The IMF had previously claimed that the Latvian economy could suffer a similar fate to Iceland's
The IMF had previously said that the similarities betweenthe Icelandic and Latvian economies put the Baltic state at risk of a similarcrash.
Peteris Strautins, the chief social economic expert at theLatvian branch of Swedbank, however, said that the country's low level offoreign debt would save it from an Icelandic-style economic crash.
"In Icelandthe figure was 594 percent of GDP on June 30, which is six times above Iceland'seconomic value in a year, while in Latviathe figure was 87 percent. Iceland'sbanks had a large amount of short-term debts -- 254 percent of the country'sGDP, while in Latviait is just 39 percent," the expert said.
He said that Icelandis a very small country with very large banks and thus, it should be comparedto Switzerlandrather than Latvia,but Iceland'sbanks as opposed to banks in Switzerlandand Latvia,were very light-minded.
"Icelandbecame a country and a hedge fund, its banks borrowed from the rest of theworld and invested in risky assets. Such a strategy is very profitable in thetime of economic growth and gave rapid income, but now it suffered a logicalloss," said Strautins.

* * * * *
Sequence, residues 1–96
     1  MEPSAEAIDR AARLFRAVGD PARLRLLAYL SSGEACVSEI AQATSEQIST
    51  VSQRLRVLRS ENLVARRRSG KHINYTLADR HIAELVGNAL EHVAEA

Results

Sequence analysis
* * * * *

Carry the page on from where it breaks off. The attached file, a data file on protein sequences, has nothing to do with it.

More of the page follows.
"The risky position of Icelandwas not a secret to anyone before the large storms in the world's financialsector, which launched in mid-September. Iceland'siceberg was the large investment portfolios of banks (155 percent of GDP in Icelandas compared to 9 percent of GDP in Latvia)or investments in securities. Investments in stocks amounted to 91 percent ofGDP, while in Latviathese are only 2 percent of GDP. Thus, Iceland'sshort-term external liabilities of banks remained at the same level, but assetswere losing their values or became non-liquid," he said.
Latvian Commercial Banks Association President TeodorsTverijons also claimed that the country was not at risk of a crash like Iceland's.Lavian banks' investments are balanced and diversified, therefore they cannotsustain such losses as foreign banks did, Tverijonis said. "No bank in Latviais facing any trouble presently."
DnB Nord Banka president Andris Ozolins believes that Latviaand the other Baltic states should not worry that theymight see the same economic problems as Iceland."I think that in the current situation we can be afraid of manythings," he said.
"Icelandhas mainly domestic banks and their liabilities and assets are several timeshigher than the country's GDP," he said, underscoring that no parallelscan be drawn between the two countries.